The same time-lag pitfall has applied to all the effective treatments for CFS. Ampligen's effects are barely significant at 6 months but there is a big difference after 18 months. The authors of the Norwegian Rituxan study set a primary endpoint as CFS symptoms 3 months post-treatment. Rituxan failed to benefit most people in the study by three months but most people were better 6-8 months after a single dose of the b-cell depleting drug..
I actually think they're doing this exactly right. My guess is that these physicians don't tick off the parameters of the Fukuda or the CCC criteria when they look at patients. They ask them questions and determine for themselves who has CFS and who does not. If the CDC asked them what specific definition they're using they'd probably be putting them in a box that just doesn't fit them; ie they'd have to translate their diagnostic protocols into a definition...Instead the CDC is simply letting them tell the CDC in their own words how they diagnose patients. After that the CDC will be able presumably how well each physicians approach fits the different definitions.
Read again, Cort. The CDC isn't letting the clinicians "tell [them] in their own words how they diagnose patients." They're simply asking them to select CFS patients, without explicit reference to any criteria. Dr. Belay explains, “For example, we have Dr. Klimas and Dr. Klimas sees from her judgment and her practice, using whatever criteria she uses, that a particular patient is a CFS patient. We’re going to use him or her in the study.”
You write, “My guess is that these physicians don't tick off the parameters of the Fukuda or the CCC criteria when they look at patients. They ask them questions and determine for themselves who has CFS and who does not.” Where on earth does that guess come from? Dr. Fletcher explains that Dr. Klimas “wouldn’t want to say to a patient that you have CFS if they didn’t meet some definition.”
Here's how Dr. Peterson advises clinicians making a diagnosis:
In reality, Dr. Peterson doesn't exactly follow the CCC or CDC definitions. He has been using specific lab tests and functional tests to help identify CFS cases for well over a decade. While he goes through an exhaustive effort to exclude non-CFS causes of patients' symptoms (more thorough than the ones required by the definitions!) he does not subscribe to the notion that CFS is purely a diagnosis of exclusion. He rejects this idea. He would say that clinically useful biomarkers have existed for many years.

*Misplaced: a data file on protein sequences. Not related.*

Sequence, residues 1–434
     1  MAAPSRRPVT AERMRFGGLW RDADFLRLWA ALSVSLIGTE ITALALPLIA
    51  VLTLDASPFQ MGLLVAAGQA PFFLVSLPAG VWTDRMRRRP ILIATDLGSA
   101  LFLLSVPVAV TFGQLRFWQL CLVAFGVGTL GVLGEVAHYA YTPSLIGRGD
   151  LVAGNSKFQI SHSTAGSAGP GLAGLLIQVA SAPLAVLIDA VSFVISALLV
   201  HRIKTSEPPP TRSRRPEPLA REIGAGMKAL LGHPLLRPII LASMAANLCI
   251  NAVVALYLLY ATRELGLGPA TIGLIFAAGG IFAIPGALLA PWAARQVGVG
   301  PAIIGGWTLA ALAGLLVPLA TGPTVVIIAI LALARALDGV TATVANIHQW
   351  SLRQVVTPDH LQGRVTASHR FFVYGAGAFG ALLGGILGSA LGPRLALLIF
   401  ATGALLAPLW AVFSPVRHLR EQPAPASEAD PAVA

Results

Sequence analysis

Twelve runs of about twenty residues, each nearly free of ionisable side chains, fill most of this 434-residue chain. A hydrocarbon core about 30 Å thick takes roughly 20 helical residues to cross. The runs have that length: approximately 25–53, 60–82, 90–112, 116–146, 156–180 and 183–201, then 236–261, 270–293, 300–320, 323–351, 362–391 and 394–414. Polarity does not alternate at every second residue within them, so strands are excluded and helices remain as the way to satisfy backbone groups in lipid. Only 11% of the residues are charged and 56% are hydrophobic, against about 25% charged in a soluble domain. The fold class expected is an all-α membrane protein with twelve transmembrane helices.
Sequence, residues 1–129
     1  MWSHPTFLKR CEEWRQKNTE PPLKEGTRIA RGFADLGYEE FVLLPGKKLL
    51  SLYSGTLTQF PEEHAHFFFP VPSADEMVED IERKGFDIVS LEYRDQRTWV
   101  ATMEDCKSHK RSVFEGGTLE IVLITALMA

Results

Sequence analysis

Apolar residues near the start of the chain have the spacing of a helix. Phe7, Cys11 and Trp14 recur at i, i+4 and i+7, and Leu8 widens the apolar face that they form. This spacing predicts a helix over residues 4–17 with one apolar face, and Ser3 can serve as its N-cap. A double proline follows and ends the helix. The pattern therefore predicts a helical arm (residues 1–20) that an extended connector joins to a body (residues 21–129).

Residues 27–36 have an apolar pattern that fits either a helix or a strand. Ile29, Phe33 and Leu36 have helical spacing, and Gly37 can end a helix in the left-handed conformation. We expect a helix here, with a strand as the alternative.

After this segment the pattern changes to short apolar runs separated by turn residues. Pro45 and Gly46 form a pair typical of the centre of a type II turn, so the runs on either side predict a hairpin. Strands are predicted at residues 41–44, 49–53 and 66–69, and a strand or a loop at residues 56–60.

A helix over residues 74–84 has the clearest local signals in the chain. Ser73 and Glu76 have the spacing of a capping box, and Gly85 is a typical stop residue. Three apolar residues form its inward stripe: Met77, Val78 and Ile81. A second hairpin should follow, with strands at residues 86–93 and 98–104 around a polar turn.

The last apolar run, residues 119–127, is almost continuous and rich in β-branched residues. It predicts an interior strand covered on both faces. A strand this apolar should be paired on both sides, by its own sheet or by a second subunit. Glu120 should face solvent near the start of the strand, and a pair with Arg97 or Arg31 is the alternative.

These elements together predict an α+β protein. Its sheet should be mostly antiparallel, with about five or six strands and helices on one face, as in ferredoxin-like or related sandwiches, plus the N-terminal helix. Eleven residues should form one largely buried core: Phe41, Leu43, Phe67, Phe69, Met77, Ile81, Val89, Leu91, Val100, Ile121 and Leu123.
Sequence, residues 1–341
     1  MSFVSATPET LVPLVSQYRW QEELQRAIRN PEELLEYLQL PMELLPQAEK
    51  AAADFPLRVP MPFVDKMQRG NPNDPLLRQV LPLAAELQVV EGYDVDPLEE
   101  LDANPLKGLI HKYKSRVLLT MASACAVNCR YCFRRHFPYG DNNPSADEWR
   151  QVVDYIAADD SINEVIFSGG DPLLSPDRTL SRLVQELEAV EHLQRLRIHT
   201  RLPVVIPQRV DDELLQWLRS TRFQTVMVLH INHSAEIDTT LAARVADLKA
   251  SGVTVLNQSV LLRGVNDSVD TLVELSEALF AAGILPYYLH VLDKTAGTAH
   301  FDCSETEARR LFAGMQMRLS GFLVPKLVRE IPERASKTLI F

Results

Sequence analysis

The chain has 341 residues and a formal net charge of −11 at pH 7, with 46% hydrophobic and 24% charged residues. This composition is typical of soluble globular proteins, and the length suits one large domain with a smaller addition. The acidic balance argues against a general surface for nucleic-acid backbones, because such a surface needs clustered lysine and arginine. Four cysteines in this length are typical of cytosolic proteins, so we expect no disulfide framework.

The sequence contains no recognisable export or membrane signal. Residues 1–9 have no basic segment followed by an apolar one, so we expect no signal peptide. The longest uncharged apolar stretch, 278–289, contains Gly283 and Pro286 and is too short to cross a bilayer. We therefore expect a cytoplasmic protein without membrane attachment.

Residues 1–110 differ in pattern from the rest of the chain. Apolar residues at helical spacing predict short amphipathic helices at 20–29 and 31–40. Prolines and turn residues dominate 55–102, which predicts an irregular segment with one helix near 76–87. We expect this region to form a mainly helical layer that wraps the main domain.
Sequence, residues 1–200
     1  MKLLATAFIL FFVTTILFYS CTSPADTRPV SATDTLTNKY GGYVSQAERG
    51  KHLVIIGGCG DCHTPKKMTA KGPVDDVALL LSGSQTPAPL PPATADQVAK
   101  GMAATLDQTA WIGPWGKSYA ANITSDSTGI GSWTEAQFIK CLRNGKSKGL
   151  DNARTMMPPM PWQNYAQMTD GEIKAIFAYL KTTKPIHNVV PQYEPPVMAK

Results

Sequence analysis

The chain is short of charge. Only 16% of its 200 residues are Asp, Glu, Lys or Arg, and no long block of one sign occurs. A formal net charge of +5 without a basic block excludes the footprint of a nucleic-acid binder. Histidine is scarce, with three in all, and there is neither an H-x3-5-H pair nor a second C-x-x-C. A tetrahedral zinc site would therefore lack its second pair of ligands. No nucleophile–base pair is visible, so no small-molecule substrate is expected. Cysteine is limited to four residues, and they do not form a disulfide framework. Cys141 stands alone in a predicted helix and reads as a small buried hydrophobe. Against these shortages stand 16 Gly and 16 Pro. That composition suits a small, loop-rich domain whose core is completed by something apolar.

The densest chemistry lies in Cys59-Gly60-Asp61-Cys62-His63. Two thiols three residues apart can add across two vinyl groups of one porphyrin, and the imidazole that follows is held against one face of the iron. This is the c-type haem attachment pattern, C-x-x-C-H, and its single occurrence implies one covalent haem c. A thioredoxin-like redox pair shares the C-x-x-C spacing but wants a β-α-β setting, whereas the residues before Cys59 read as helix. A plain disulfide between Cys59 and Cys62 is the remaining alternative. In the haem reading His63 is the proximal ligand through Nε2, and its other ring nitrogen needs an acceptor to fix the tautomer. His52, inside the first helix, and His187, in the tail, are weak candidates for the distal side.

The ultimate goal here with this study (at least for us) is that the CDC gets that information and starts acting on it...Who knows - if the data supports Dr. Peterson's ideas (and I assume it does ) then if the CDC is rigorous enough they'll act on it....Certainly there is agreement on the NK cell functional data between Dr. Peterson, Dr. Klimas, the PHANU researchers and others...and general agreement on the VO2 max data...I assume that is what he is focused on...
The OMI is in the process of re-upping the grant and trying to extend it to include much more information....Hopefully they'll get it. I would note that Dr. Peterson is very high on this project - I hope it works out.
At issue here is rigour of the CDC research design. There's no plan for Dr. Klimas (or the PHANU) to be involved, and Dr. Unger isn't willing to commit to the VO2 max test.
Dr. Unger writes, “We are planning to collect standardized data on all the domains of illness included in the Canadian Consensus Criteria of CFS/ME (sic), the 1994 CFS definition and the newly proposed International ME definition.” After “collecting as many parameters as possible,” the CDC plans to create its new definition by using the core symptoms of the 400 preselected CFS patients and applying unspecified instruments (subject to there being any good ones) to the resulting symptom domains in order to establish severity cut-offs.
Certainly there's no mention of the CDC's exploring “NK cell functional data.”